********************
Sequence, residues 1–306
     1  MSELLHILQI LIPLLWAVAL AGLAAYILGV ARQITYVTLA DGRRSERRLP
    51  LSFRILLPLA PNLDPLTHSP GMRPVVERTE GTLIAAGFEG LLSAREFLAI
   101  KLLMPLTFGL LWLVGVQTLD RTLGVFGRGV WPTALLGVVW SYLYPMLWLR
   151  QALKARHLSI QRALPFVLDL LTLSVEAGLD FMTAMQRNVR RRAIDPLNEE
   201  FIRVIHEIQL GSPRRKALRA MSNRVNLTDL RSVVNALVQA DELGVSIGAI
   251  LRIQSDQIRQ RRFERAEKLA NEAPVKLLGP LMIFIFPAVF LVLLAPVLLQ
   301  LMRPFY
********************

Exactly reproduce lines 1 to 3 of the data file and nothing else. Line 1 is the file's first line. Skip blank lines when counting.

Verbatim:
Sequence, residues 1–306
     1  MSELLHILQI LIPLLWAVAL AGLAAYILGV ARQITYVTLA DGRRSERRLP
    51  LSFRILLPLA PNLDPLTHSP GMRPVVERTE GTLIAAGFEG LLSAREFLAI